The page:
Suggestion Box Problems
Revd Derek Butler walked through the body of the church, heading towards the Vestry Meeting, with their new Suggestion Box held under his arm. The Vestry Meeting wasn’t due to start for another five minutes but he knew they would have already begun, discussing their pet subjects and making their decisions. He didn’t care, he was used to it now.
Today, though, would be the first time they opened their new Suggestion Box; a polished wooden box placed in the church’s porch, where members of the congregation could leave written suggestions, anonymously or not. Derek hadn’t been in favour of it, anyone could push any suggestion into it without taking responsibility for it, but he had been out voted. Now would be the moment of truth, what kind of nonsense would be inside it. The box felt very light.
When he walked into the church’s office he was greeted by the full membership of the Vestry Meeting, no one missing today. The head of the table was empty, waiting for him, on the right hand sat his wife Maureen. Next to her was sat Ruth Delany, the church’s curate, dressed as she always was in jeans and an oversized jumper, with her dog-collar poking out of the top of it. Opposite them sat the two church wardens; Jeffrey Charles, in a tweed jacket and one of his many ties that vaguely looked like it was from some old school or other, and Mrs Penny Jones, in a pale summery dress and a very ugly green cardigan (It was very important to remember she was a “Mrs”, or else she would remind you at length).
With a nod to everyone there, he took his seat at the head of the table.
“Good to see you, Vicar,” Jeffrey Charles said. “We’ve already talked about...”
“I think we’ll start with the first item on the agenda,” Derek said. If he had to put up with this Suggestion Box then they were going to have to listen to him, not give him everything already decided upon.
The rest of them muttered things but no one disagreed with him.
“The first item is the Suggestion Box,” Penny Jones said.
“Which I have here,” Derek said. “Let’s see what’s inside,” he added, aware of the sarcasm in his voice.
He quickly opened it and tipped out the contents onto the table. An old button and a creased piece of paper fell out.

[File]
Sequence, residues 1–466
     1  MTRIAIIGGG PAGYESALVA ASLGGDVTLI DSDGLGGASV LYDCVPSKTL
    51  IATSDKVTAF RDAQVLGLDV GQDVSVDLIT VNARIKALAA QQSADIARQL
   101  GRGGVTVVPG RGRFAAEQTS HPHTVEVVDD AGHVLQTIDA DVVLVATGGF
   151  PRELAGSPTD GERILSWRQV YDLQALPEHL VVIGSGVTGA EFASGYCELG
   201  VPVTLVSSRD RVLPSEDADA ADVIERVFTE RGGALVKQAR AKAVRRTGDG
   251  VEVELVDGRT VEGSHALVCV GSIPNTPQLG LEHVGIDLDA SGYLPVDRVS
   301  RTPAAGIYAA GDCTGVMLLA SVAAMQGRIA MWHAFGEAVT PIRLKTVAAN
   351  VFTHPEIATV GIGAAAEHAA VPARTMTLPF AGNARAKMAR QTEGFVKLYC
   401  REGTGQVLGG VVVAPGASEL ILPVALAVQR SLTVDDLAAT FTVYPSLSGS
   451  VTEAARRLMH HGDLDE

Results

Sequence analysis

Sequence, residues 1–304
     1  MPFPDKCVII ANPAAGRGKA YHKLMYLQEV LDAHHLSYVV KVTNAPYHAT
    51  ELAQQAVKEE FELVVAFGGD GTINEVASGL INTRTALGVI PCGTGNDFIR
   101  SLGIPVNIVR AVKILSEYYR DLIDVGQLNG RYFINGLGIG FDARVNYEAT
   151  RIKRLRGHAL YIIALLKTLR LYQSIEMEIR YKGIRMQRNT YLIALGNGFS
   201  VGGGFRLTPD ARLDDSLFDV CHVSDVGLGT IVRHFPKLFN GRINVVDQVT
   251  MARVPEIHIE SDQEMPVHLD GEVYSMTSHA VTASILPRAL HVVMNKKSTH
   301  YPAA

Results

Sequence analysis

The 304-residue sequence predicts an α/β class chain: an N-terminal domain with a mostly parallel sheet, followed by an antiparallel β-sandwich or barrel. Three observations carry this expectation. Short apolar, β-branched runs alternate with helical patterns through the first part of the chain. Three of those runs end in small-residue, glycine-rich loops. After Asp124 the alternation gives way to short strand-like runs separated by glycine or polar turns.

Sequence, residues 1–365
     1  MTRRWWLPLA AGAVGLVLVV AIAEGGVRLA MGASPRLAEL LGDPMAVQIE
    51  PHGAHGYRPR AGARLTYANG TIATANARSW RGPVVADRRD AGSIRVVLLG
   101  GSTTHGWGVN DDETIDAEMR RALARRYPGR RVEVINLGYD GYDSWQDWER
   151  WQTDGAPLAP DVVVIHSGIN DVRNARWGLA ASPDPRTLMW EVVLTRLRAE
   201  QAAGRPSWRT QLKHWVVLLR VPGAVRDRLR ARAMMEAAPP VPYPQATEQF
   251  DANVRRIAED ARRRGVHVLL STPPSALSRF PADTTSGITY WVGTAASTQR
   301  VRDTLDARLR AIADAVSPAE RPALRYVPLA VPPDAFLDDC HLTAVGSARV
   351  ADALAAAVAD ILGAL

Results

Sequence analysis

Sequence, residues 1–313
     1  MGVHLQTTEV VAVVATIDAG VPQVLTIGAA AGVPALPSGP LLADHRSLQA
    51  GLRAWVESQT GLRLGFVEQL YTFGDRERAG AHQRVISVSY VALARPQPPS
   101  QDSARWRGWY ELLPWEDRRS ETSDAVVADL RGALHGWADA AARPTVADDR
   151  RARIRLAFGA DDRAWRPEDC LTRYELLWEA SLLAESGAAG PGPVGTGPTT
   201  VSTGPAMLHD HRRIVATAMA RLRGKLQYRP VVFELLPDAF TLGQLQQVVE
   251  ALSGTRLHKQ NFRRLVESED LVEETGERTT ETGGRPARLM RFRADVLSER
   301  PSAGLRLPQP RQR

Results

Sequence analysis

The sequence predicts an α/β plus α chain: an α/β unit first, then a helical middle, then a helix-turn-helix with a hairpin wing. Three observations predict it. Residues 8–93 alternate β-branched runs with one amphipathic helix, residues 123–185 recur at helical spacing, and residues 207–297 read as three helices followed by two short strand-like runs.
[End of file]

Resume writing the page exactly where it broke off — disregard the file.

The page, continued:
“Not a great deal there,” Jeffrey Charles said.
“Let’s see what it says,” Derek said, picking up the piece of paper. He expected it to be a complaint about the coffee served in the church hall, which was what most people usually complained about.
He read out loud: “Thousands have left the Finnish Lutheran church in protest against an anti-gay campaign which called for gay people to turn straight. Won’t it be great if Christians had the same moral backbone in Britain and left the church over its homophobia?”
Derek looked up from the paper and said: “What an odd thing to suggest.”
“Not after your sermon on Sunday,” Maureen replied. Derek held back from snapping at her. Since she’d started that Open University course, encouraged by their daughter Kate and Ruth Delany, she was had always contradicting him.
“That sermon was about Christian marriage and how important it is,” Derek replied.
“And people need to be reminded that it’s the bedrock of our society,” Penny Jones added.
“But it alienated anyone who wasn’t in a heterosexual marriage. You made it sound like if you’re not straight and married you’re not worth anything,” Ruth Delany said.
“I didn’t,” Derek protested but he was interrupted by Jeffrey Charles saying:
“People need to be told that. If they’re not married with a family, they’re not fulfilling their Christian duty.”
“That’s what I meant. That’s what’s alienating people,” Ruth Delany said.
“Nonsense!” Jeffrey Charles said. “We don’t have any homosexuals in the congregation.”
“We have two lesbian couples, a gay couple and several LGBT singles,” Ruth Delany said.
“Who?” Penny Jones said. “I know everyone in church.”
“I’m not saying. You talk to people and get to know them.”
“We don’t need to be pandering to any perverts. We need to be standing up for Christian values,” Jeffrey Charles said.
“’Whatever you do to the least of my brethren, you do unto me.’ The Gospel of Matthew,” Ruth Delany said.
“The Church is haemorrhaging members, parishes are merging or closing because they just don’t have enough any members,” Maureen added.
“Yes, we know,” muttered Penny Jones.
“If we can’t welcome someone who’s different what can we do? Jesus condemned the Pharisees for only loving their own kind,” Ruth Delany said.
“I don’t need a Sunday School lesson,” Penny Jones replied.
“But we’re ignoring what that note says,” Ruth Delany continued. “We’re not just ignoring a section of society, we’re condemning them. That note condemns us for our hypocrisy. We’re not even discussing it, we’re arguing about sexuality and so closing our doors to anyone who’s different to us. We’ll wake up one day and find no one listens to us or even comes to our churches. We’ll make ourselves redundant.”
“That’s enough Ruth,” Derek interjected. “We’ve had enough of your preaching. This note is just making mischief. We should ignore it because it says nothing of importance to this church.” He could feel his cheeks flushing red, he was tired of this whole subject. “What’s the next item on the agenda?”
“Our falling congregation numbers and what we’re going to do about it,” Maureen said. “There’s twenty-five percent less people attending then there was this time last year.”